By Dickens, CharlesEdited by Green, Dr JenIllustrated by Stokes, JohnIllustrated by Cardy, JasonIllustrated by Nicholson, Kat
The classic novel brought to life in full color! 'I never saw my father or my mother, and never saw any likeness of either of them'. No classical collection would be complete without this well-loved Dickens title. The wonderful tale of Pip, Miss Havisham, and the spiteful Estella... is retold here with fresh enthusiasm contained within rich Victorian ambiance, for a wonderful reading experience.Read more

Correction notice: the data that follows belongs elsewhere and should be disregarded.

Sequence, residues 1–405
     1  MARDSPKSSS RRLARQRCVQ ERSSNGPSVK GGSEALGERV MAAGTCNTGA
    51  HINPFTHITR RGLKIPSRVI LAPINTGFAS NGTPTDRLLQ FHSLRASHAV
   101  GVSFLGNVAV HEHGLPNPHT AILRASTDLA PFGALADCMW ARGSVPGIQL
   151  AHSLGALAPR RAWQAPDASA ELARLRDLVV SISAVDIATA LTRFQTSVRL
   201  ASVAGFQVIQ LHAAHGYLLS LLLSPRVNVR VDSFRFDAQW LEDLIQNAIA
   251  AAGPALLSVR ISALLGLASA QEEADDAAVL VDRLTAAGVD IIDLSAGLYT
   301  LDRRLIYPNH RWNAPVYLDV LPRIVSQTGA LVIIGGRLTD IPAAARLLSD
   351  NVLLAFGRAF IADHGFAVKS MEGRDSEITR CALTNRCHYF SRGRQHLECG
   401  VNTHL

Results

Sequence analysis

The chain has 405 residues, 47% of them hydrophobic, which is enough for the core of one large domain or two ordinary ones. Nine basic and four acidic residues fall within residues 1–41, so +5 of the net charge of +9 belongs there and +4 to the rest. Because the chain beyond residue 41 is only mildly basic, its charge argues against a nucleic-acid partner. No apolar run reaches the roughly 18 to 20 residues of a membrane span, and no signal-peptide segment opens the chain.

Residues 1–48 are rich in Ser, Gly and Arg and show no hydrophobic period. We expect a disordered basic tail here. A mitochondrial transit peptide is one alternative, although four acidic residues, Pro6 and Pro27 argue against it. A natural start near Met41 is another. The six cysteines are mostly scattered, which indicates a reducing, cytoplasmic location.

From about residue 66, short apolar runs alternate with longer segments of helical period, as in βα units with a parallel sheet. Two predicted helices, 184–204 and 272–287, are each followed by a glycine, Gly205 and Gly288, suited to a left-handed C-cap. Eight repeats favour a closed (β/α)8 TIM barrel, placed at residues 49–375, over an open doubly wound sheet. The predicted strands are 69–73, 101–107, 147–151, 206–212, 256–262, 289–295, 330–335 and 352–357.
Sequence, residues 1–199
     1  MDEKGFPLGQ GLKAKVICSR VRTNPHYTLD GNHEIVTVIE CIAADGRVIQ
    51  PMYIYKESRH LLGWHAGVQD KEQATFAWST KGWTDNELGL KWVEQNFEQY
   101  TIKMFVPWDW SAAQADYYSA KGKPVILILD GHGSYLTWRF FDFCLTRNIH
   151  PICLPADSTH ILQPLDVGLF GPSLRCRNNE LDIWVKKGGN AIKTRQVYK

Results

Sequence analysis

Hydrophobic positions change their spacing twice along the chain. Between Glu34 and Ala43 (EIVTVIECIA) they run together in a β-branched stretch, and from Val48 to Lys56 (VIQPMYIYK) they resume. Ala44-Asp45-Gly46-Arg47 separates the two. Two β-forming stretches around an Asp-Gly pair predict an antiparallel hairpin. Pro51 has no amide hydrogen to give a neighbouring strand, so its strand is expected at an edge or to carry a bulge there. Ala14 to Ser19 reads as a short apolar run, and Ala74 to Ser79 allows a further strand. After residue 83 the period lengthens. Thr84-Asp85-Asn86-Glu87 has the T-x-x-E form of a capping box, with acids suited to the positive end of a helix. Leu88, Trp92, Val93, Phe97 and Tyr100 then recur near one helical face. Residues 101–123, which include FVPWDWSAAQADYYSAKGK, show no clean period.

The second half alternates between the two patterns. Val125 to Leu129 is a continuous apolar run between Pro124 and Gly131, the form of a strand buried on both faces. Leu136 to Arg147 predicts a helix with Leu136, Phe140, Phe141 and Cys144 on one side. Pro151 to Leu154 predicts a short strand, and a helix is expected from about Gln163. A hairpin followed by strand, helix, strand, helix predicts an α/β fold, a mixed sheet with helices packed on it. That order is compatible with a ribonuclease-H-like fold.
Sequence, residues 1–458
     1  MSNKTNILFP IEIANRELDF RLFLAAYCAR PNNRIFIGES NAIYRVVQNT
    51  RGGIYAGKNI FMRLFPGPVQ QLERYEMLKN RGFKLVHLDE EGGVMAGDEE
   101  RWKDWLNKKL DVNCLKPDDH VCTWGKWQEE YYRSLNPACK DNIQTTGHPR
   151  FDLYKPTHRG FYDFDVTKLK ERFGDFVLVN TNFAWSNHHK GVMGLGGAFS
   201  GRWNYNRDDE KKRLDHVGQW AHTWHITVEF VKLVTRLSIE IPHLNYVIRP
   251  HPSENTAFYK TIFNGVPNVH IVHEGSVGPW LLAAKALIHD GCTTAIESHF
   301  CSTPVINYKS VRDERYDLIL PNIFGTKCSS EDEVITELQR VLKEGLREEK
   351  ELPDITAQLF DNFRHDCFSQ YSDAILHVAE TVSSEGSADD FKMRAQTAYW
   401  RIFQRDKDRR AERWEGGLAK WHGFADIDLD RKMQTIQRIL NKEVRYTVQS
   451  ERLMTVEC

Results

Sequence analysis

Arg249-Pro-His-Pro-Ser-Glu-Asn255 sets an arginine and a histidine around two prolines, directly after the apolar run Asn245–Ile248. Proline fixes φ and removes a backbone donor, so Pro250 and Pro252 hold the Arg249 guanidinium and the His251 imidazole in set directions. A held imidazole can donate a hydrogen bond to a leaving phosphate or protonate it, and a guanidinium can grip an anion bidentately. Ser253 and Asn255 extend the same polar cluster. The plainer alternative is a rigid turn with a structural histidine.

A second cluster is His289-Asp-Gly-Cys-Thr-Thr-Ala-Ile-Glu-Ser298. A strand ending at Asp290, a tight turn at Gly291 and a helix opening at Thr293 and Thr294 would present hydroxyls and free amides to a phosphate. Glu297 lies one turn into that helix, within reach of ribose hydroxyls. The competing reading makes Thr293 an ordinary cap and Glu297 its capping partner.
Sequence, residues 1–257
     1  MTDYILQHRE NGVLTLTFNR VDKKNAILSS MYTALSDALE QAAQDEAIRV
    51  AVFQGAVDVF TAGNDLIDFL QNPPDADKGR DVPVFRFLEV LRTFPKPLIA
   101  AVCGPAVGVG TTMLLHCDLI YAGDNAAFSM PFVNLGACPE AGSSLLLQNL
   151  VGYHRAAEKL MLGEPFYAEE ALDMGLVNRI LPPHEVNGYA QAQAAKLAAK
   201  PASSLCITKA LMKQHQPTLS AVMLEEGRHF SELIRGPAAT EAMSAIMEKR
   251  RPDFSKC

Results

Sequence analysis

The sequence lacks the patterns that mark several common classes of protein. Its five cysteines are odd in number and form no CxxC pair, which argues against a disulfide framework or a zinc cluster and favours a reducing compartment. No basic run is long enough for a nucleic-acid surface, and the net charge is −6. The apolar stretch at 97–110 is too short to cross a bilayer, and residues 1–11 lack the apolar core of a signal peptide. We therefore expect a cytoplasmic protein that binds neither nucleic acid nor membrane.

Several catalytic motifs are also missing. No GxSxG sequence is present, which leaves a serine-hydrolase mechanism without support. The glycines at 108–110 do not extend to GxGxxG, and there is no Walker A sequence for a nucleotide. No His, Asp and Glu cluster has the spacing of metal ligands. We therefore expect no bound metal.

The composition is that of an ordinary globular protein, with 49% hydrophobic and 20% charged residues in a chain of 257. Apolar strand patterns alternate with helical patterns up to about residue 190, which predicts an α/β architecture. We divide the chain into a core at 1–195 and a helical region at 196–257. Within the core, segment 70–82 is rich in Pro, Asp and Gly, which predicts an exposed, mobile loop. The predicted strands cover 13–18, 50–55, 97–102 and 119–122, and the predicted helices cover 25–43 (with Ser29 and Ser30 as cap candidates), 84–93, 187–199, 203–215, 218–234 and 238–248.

Charles Dickens was born was born in Landport, Portsmouth, on 7th February 1812. He was the second of eight children born to John and Elizabeth Dickens. Financially, the Dickens family were comfortable, and when they moved to Chatham, Kent in 1817 they sent Charles to the fee paying William Giles' school in the area. By the time he was ten, the family had moved again; this time to London following the career of his father, John, who was a clerk in the Naval Pay Office. John got into debt and was eventually sent to Marshalsea Prison in 1824. His wife and most of the children joined him there (a common occurrence in those days); Charles, however, was put to work at Warren's Blacking Factory, where he labelled jars of boot polish. When John's mother died soon after, she left enough money to pay off the debts and reunite the family. Although brief, Charles's time at the factory haunted him for the rest of his life. Charles left school at fifteen and worked as an office boy with a Mr. Molloy of Lincoln's Inn. It was here that Charles made the decision to become a journalist. He studied shorthand at night, and went on to spend two years as a shorthand reporter at the Doctors' Commons Courts. From 1830 to 1836 he wrote for a number of newspapers; he also started to achieve recognition for his own written work. In December 1833 his first published (but unpaid for) story, A Dinner at Poplar Walk, appeared in The Old Monthly magazine. He wrote further stories for The Old Monthly; but when the magazine could not pay for them, Dickens began to write his seriesA for The Chronicle at the request of the editor, George Hogarth. In 1835, Charles got engaged to George Hogarth's eldest daughter, Catherine. They married on 2nd April 1836 and went on to have ten children (seven boys and three girls). Biographers have long suspected that Charles preferred Catherine's sister, Mary, who lived with the Dickens family and died in his arms in 1837 at the age of seventeen. Dickens had asked to be buried next to her; but when her brother died in 1841, Dickens's placeA was taken. The first series of Sketches by Boz was published in 1836 ( BozA was an early pen name used by Dickens). Shortly afterwards, with the success of Pickwick Papers in 1837, Dickens was at last a full-time novelist. He produced works at an incredible rate; and at the start of his writing career, also managed to continue his work as a journalist and editor. He began his next book, Oliver Twist, in 1837 and continued it in monthly parts until April 1839. Dickens visited Canada and the United States in 1842. During that visit he talked on the need for international copyright, because some American publishers were printing his books without his permission and without making any payment; he also talked about the need to end slavery. His visit and his opinions were recorded and published as American Notes in October of that year, causing quite a stir. On 17th December 1843 his much-loved Christmas tale, A Christmas Carol (also available as a Classical Comics graphic novel) was published. It was so popular that it sold five-thousand copies by Christmas Eve - and has never been out of print since. From childhood, Dickens had loved the stage and enjoyed the attention and applause he received. He performed in amateur theatre throughout the 1840s and 50s, and formed his own amateur theatrical company in 1845, which occupied much of his time. Dickens became something of an international celebrity. In 1853 he toured Italy, and on his return to England, he gave the first of many public readings from his own works. At first he did these for charity, but before long he demanded payment. By 1856, Dickens had made enough money to purchase a fine country house: Gads Hill in Kent. Although he had admired this place ever since his arrival to the area as a child, it was not to be a happy family home. A year later, Charles met a young actress called Ellen Lawless Ternan who went on to join his theatre company; and they began a relationship that was to last until his death. Charles separated from his wife Catherine in 1858. The event was talked about in the newspapers, and Dickens publicly denied rumours of an affair. He was morally trapped - he was deeply in love with Ellen, but his writing career was based on promoting family values and being a good person; he felt that if he admitted his relationship with Ellen, it would put an end to his career. Catherine moved to a house in London with their eldest son Charles, and Dickens remained at Gads Hill with the rest of the children and Catherine's sister, Georgina (there were rumours of Charles and Georgina having a relationship, too). The more he tried to hide his personal life, the more it came out in his writing. Great Expectations was written around this time (1860) and includes elements of all the emotions he was experiencing: imprisonment, love that can never be, people living in isolation, and the compulsion to better oneself. He continued to look after Ellen and made regular secret journeys to see her - not easy for the local celebrity that Dickens had become. He went to incredible lengths to keep his secret safe, including renting houses under different names and setting up offices for his business in places that made it easy for him to visit her. In 1865, Dickens was involved in the Staplehurst Rail Crash: an incident which disturbed him greatly. He was travelling with Ellen and her mother, most likely returning from a secret holiday in France. The train left the track, resulting in the deaths of ten people and injuries to forty more. It is reported that Dickens tended to some of the wounded. By 1867 Dickens's health was getting worse. His doctor advised him to rest, but he carried on with his busy schedule, which included a second tour of America. He returned to England and, despite his bad health, continued his work and his public reading appearances. In April 1869, he collapsed during a reading at Preston, and he was again advised to rest. Dickens didn't listen. He continued to give performances in London and he even started work on a new novel, The Mystery of Edwin Drood. This novel was never finished: he suffered a stroke and died suddenly at Gads Hill on 9th June 1870. He had asked to be buried in an inexpensive, unostentatious, and strictly private mannerA but public opinion, led by The Times newspaper, insisted that he should be buried in keeping with his status as a great writer. He was buried at Westminster Abbey on 14th June 1870. His funeral was a private affair, attended by just twelve mourners. After the service, his grave was left open and thousands of people from all walks of life came to pay their respects and throw flowers onto the coffin. Today, a small stone with a simple inscription marks his grave: CHARLES DICKENS BORN 7th FEBRUARY 1812 DIED 9th JUNE 1870